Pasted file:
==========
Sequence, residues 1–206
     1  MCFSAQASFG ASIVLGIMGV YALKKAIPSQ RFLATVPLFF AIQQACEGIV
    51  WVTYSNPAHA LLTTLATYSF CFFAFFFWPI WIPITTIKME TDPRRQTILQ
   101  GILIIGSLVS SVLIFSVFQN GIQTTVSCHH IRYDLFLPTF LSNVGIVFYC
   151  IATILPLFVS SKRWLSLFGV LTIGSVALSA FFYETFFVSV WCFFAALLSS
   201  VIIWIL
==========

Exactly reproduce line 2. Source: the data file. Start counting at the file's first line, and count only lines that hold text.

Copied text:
     1  MCFSAQASFG ASIVLGIMGV YALKKAIPSQ RFLATVPLFF AIQQACEGIV